Academic Reading 2

Course Overview

Course Description

In this course, students will improve their academic reading skills through study and discussion of newspaper, magazine, and journal articles of varying lengths related to important issues in science and engineering. Emphasis will be placed on developing a deep understanding of sentence and text structure, and on developing micro- and macro-reading skills, so that relevant information can be found quickly and effectively, without the need for translation into the native language. In particular, students will be urged to start understanding written English in English. They will also be encouraged to read beyond the target texts to gain a deeper understanding of the topics covered and to express their reaction to readings both in oral and in written reports. In addition, students are required to master 270 academic words including their meaning and collocations by studying the Academic Word Lists (AWLs) 6a – 10 provided by CELESE. Students are expected to spend an average of 1.5 hours out of class on weekly assignments.

Download the detailed course description here.

Course Goals

G1: Develop knowledge of 270 academic words
G2: Recognize and comprehend common linguistic features of academic texts.
G3: Read and comprehend the gist of both short and long academic texts.
G4: Develop strategies and higher-level cognitive skills related to academic reading.
G5: Manage academic references sufficiently.
G6: Be familiar with a variety of recent topics in science and engineering.



  • Textbook: Academic Reading in Science and Engineering, Book 2 by R. Rose. DTP Publishing: Tokyo, Japan.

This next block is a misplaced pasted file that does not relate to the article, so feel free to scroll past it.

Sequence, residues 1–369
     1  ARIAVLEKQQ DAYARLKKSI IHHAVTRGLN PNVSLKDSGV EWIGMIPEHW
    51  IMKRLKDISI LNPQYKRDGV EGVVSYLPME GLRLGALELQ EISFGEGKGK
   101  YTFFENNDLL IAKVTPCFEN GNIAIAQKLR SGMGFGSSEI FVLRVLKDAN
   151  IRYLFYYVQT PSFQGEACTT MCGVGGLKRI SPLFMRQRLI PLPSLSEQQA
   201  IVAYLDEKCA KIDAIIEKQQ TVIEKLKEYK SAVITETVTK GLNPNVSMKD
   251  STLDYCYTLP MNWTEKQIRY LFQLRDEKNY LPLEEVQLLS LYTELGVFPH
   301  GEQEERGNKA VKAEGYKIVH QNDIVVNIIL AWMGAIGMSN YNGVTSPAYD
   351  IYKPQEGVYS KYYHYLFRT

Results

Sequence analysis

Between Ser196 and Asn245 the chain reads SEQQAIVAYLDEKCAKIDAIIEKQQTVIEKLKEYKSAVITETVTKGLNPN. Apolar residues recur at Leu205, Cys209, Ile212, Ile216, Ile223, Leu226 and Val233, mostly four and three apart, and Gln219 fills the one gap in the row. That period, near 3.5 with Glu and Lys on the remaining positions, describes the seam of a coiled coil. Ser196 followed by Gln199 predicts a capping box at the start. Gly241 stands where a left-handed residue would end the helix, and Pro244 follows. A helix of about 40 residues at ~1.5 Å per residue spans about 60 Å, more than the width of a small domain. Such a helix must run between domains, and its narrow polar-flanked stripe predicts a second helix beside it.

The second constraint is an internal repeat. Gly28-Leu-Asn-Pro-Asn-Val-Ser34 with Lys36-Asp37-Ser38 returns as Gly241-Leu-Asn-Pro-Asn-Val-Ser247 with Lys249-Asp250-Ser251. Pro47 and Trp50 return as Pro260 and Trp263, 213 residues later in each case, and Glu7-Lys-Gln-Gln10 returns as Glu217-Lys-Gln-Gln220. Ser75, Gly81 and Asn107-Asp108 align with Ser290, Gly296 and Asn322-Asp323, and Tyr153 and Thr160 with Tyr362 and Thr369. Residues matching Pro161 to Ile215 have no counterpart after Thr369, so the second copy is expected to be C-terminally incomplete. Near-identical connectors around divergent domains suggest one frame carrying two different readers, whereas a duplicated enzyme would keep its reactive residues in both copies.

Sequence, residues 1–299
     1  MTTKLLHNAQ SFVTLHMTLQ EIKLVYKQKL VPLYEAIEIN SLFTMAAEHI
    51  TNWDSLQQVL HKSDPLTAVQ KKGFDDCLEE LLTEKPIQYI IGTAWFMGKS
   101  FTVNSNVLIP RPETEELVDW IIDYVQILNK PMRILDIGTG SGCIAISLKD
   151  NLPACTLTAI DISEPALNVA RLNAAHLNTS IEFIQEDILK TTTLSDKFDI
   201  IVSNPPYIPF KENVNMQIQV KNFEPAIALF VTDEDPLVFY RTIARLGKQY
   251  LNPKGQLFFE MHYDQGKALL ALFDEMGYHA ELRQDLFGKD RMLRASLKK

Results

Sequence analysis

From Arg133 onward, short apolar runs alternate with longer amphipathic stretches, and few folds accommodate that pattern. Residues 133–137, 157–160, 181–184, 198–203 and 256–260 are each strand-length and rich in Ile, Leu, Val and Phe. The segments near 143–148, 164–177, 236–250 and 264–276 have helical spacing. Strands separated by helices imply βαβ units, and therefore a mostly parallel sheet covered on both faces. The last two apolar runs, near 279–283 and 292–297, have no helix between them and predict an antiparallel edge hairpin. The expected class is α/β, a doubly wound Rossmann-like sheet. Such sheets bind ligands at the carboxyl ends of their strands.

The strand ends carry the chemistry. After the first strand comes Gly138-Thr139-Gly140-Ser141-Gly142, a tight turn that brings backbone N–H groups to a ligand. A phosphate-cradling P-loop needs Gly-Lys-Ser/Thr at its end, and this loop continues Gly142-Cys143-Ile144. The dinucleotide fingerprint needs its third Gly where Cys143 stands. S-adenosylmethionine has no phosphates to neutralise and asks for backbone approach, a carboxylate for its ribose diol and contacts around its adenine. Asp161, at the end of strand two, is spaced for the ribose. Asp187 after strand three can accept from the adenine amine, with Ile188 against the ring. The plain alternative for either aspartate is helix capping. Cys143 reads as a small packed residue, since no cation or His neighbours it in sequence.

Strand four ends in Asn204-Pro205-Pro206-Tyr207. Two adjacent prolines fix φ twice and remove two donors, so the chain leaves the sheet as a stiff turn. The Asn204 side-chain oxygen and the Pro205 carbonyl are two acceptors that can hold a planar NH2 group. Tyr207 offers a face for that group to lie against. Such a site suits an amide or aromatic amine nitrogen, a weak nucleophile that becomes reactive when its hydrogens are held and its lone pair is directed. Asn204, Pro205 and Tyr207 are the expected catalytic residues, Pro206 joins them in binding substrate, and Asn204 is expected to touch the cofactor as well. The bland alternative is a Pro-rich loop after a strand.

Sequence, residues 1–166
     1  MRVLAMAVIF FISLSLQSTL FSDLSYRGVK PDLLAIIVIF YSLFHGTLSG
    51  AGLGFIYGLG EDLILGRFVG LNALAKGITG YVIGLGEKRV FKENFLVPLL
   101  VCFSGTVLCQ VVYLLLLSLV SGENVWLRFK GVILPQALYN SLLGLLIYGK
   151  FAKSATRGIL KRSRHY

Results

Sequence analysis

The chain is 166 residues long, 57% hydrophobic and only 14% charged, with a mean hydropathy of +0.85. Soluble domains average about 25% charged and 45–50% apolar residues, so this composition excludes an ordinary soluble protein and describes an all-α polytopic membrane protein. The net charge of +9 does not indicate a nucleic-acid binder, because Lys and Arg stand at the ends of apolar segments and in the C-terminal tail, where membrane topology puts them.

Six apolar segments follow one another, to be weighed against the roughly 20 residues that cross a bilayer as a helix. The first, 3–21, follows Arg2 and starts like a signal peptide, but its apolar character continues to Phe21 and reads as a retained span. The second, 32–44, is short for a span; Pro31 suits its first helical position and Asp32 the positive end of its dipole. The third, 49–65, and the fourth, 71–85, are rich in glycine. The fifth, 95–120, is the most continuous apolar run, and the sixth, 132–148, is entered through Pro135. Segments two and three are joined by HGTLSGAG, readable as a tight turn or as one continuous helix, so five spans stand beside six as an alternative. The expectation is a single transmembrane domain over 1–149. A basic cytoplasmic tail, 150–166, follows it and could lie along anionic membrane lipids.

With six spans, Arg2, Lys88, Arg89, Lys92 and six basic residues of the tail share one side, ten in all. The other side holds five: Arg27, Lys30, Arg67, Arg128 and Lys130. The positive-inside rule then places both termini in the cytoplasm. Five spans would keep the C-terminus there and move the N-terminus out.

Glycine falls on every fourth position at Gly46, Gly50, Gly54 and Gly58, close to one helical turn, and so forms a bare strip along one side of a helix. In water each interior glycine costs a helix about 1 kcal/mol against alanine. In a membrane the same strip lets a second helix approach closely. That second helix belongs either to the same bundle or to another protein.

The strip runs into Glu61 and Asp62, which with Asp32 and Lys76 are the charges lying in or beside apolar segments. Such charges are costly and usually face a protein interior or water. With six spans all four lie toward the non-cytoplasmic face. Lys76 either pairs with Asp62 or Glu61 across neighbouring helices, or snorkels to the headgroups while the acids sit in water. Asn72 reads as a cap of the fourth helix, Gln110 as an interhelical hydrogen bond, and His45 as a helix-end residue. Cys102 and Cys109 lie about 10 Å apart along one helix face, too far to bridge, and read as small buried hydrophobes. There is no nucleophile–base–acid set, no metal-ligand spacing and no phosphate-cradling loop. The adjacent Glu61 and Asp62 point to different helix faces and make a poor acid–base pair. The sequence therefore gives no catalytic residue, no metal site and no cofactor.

• CELESE Academic Word Lists (AWL) sublists (link)
  • Spotlight article: Sakuta Y, Kanazawa S, Yamaguchi MK (2018) Infants prefer a trustworthy person: An early sign of social cognition in infants. PLoS ONE 13(9): e0203541. (link)
  • List of recent science news (see below)
  • Suggested extensive reading materials (link)
  • Other possible extensive reading materials can be found at the following web pages/sites.


  • Grades (A+, A, B, C, or F) are determined based on Student Performance Record which consists of five components: in-class AWL quizzes (20%), in-class science news quizzes (16%), intensive reading exercises (5%), extensive reading reports (27%), and final test (32%).
  • The Student Performance Record Sheet provides detailed assessment criteria.
  • To pass the course, the student must meet the university attendance requirement (attendance of 2/3 of classes offered) and the pass criteria (60%) in 4 of the 6 course goals.
  • Students who wish to question their final grades should make inquiries directly to their course teacher who will then consider each case based on the student's performance record. Inquiries of this nature can be made until the end of the 7th full day (1 week) after the final grades are made public by the Education Office. Once these 7 days have expired, no further inquires will be considered.

Final Test

Further information